The key problem is this phrase: "We came across some data...".

This suggests that you looked at several other statistical hypothesis, and rejected them because they did not reach your significance level. You found one hypothesis that (barely) met your standard, and you are wondering whether it is significant. Unless your $p$ value accounts for such multiple hypothesis testing, it is overly optimistic. Given that you are just three decimal points away from your threshold, considering even one additional hypothesis would surely push $p$ over the line.

There is a name for this sort of statistical malfeasance: data dredging. I'm ambivalent about reporting it in the paper as an interesting hypothesis; does it have some physical reason you expect it to hold?

There is, however, one way out. Perhaps you decided a priori to perform just this one test on just this one data set. You wrote that down in your lab notebook, in front of someone so that you could prove it later. Then you did your test.

If you did this, then your result is valid at the $p=0.05$ level, and you can back it up to skeptics like me. Otherwise, sorry, it is not a statistically significant result.

• This may be over-relying on a particular choice of phrasing; you're assuming rather a lot from what might be simply a poor choice of words - not everyone here has English as a first language. It's definitely worth raising as a potential problem, but to simply state things so baldly ("absolutely not") implies you know more than we can tell from what's here. (Further, the reference to a 'lab notebook' implies the OP is doing work in a lab. I doubt this is the case. Again, you imply you know more than we have here.) Oct 12, 2013 at 20:56
• Mike McCoy, thank you for your answer, but I'm afraid in this case Glen_b is correct. I am not a native English speaker, and while I strive to write and speak as fluently as my skills allow, usage and connotation continue to elude me. So, in this particular case, we didn't try different things until we found something that was significant. Actually, what we were trying to prove is that there were no statistically significant increase in some error value, and in one particular case we found that the error was actually reduced, and when we ran the W test, this is where we got the 0.0499. Oct 13, 2013 at 0:25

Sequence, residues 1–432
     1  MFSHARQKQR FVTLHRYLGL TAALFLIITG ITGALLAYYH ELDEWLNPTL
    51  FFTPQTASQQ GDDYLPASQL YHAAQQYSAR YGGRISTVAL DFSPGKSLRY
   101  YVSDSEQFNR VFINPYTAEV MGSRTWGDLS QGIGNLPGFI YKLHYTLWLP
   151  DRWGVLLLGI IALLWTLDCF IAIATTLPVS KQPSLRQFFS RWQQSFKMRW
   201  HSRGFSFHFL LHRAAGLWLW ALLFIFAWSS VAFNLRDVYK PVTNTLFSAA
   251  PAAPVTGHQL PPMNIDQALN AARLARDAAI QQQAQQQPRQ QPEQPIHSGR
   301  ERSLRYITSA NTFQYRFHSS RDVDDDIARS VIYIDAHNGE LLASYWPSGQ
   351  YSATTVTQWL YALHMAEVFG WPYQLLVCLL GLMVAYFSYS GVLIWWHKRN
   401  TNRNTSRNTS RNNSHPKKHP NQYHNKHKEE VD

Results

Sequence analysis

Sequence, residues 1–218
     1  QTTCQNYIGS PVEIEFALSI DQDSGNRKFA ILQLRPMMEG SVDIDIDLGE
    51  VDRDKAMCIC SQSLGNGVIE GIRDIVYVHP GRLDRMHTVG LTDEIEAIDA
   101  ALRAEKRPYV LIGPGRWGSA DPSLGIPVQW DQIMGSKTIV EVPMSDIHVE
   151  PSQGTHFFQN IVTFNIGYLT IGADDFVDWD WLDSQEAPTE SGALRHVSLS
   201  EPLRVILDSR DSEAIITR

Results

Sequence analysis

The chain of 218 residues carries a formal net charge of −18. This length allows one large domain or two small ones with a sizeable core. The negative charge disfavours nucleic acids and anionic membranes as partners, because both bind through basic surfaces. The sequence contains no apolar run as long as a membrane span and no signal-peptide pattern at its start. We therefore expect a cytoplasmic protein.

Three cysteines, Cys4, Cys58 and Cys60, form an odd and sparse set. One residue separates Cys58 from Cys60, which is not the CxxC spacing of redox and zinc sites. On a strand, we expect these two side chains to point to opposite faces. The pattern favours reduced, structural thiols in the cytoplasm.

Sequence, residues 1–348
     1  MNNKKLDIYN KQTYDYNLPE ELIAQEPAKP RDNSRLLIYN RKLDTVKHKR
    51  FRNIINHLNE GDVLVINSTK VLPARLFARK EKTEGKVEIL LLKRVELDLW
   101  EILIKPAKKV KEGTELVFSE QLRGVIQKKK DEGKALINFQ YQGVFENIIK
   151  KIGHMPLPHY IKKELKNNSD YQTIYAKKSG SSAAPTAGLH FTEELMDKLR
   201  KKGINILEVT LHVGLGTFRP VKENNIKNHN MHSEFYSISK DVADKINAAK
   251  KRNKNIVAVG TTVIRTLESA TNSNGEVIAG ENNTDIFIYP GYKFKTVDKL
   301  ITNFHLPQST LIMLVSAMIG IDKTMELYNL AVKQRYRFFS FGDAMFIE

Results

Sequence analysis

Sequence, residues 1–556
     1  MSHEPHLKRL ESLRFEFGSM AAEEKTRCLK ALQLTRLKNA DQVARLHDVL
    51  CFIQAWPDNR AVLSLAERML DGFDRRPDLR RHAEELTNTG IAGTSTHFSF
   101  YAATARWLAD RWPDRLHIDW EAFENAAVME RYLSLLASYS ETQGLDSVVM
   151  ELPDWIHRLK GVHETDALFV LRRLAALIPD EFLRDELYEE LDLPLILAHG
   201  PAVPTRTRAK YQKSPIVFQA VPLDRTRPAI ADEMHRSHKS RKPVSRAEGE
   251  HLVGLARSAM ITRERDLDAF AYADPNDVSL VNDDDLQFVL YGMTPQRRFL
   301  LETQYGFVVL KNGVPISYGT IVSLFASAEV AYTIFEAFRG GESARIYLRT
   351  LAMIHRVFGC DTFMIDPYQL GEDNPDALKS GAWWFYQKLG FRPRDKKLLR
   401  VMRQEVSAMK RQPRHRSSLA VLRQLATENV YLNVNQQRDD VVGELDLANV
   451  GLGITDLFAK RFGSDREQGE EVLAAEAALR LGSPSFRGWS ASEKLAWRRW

• Mike, I also did not see a problem in the phrasing of the question. And it seems nobody else saw signs of data snooping, mining, dredging, whatsoever here ... And it definitely lies in the eye of the beholder. There is no mathematical fact but a decision rule chosen by the statistician. Re-read what AlefSin, Glen in his point (2) and I wrote. Oct 13, 2013 at 6:56
• @IslamEl-Nabarawy If you wanted to establish equivalence/lack of difference, you have many other problems than how to interpret a value close to the threshold or potential data snooping. Just finding a p-value slightly over .05 (or whatever error level you choose) is definitely not enough. Look up “testing for equivalence” here and elsewhere or ask a question specifically about that because it's an entirely different problem.
– Gala
Oct 13, 2013 at 10:32
• "There is, however, one way out. Perhaps you decided a priori to perform just this one test on just this one data set. You wrote that down in your lab notebook, in front of someone so that you could prove it later. Then you did your test. If you did this, then your result is valid at the p=0.05 level, and you can back it up to skeptics like me. Otherwise, sorry, it is not a statistically significant result" Talk about guilty until proven innocent. So, in the absence of forensic evidence ruling out academic dishonesty, an analysis is worthless? Sheesh. Mar 3, 2017 at 14:56